Ohio is an at-will employment state, which means that most employees can be fired for any reason or no reason at all. However, certain types of contracts (written or verbal) or other arrangements that an employee enters into can control the terms of employment, wages, and in some cases termination.
Even if you haven’t entered into a written agreement with your employer, you are still entitled to some legal protections. If you have questions or concerns about your own employment contract, you should speak with an experienced employment attorney who can help explain your rights.
Some contracts specify that an employee will be employed by an employer for a specific period of time, which may or may not be renewable. Other employment contracts designate the employee as “at-will,” meaning that the employee can quit at any time or be fired at any time. At-will employees may still have contract rights, however, and are still protected from being fired for illegal reasons, such as certain types of discrimination or retaliation. In Ohio, a contract will be presumed to be at-will unless otherwise specified.
Some written employment contracts are an agreement between employees and employers to agree to a specific term of employment. These contracts control when an employee can be terminated, and under what circumstances. Others are at-will contracts, which allow the employer or employee to end the relationship at any time. “At-will” contracts still control the relationship between the employer and employee during the time the employment relationship continues, for example, pay and benefits. Further, they may provide for severance benefits in the event an employee is terminated.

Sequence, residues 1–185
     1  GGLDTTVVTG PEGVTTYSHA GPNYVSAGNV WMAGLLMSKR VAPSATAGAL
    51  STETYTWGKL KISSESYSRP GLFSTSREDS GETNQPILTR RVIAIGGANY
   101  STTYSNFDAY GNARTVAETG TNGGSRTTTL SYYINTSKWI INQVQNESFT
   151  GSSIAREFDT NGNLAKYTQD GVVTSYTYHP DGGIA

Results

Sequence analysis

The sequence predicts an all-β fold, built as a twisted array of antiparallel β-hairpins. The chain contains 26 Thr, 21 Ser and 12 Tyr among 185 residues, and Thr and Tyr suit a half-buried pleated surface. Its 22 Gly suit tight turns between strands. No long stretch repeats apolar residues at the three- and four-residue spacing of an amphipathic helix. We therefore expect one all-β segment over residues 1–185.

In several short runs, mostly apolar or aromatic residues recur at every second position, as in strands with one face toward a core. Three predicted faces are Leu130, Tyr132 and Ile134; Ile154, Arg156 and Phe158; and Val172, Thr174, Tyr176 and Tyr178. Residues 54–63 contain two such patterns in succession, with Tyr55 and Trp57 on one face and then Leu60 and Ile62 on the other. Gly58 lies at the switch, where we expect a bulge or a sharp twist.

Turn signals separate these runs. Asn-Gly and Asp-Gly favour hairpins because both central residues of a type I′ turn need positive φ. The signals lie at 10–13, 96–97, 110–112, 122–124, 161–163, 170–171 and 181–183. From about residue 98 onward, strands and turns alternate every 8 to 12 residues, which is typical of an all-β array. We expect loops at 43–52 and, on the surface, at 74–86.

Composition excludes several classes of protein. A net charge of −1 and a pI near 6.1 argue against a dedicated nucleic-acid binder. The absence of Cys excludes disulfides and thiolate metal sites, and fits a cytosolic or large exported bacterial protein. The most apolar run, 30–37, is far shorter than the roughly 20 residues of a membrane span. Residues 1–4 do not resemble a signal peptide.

In certain circumstances, an oral agreement can be just as enforceable as a written agreement. However, oral contracts are much more difficult to prove if there is a dispute between the worker and employer at a later date. Like written contracts, oral contracts can also be at-will or specify a certain term of employment.
Implied contracts are those that have not been written down or explicitly agreed to orally. Instead, these agreements are implied from a combination of both actions and written policies. When deciding whether an implied contract was created, courts often look at the following factors:
Whether you agreed orally to a contract or entered into a written contract with specific terms, you have certain rights regarding minimum wage, overtime, and lawful termination. If you have concerns about your own contract or were recently terminated in a manner that contradicts the agreement, please contact us at Marshall Forman & Schlein LLC to schedule a consultation with an experienced employment attorney who can help you seek the compensation you deserve.
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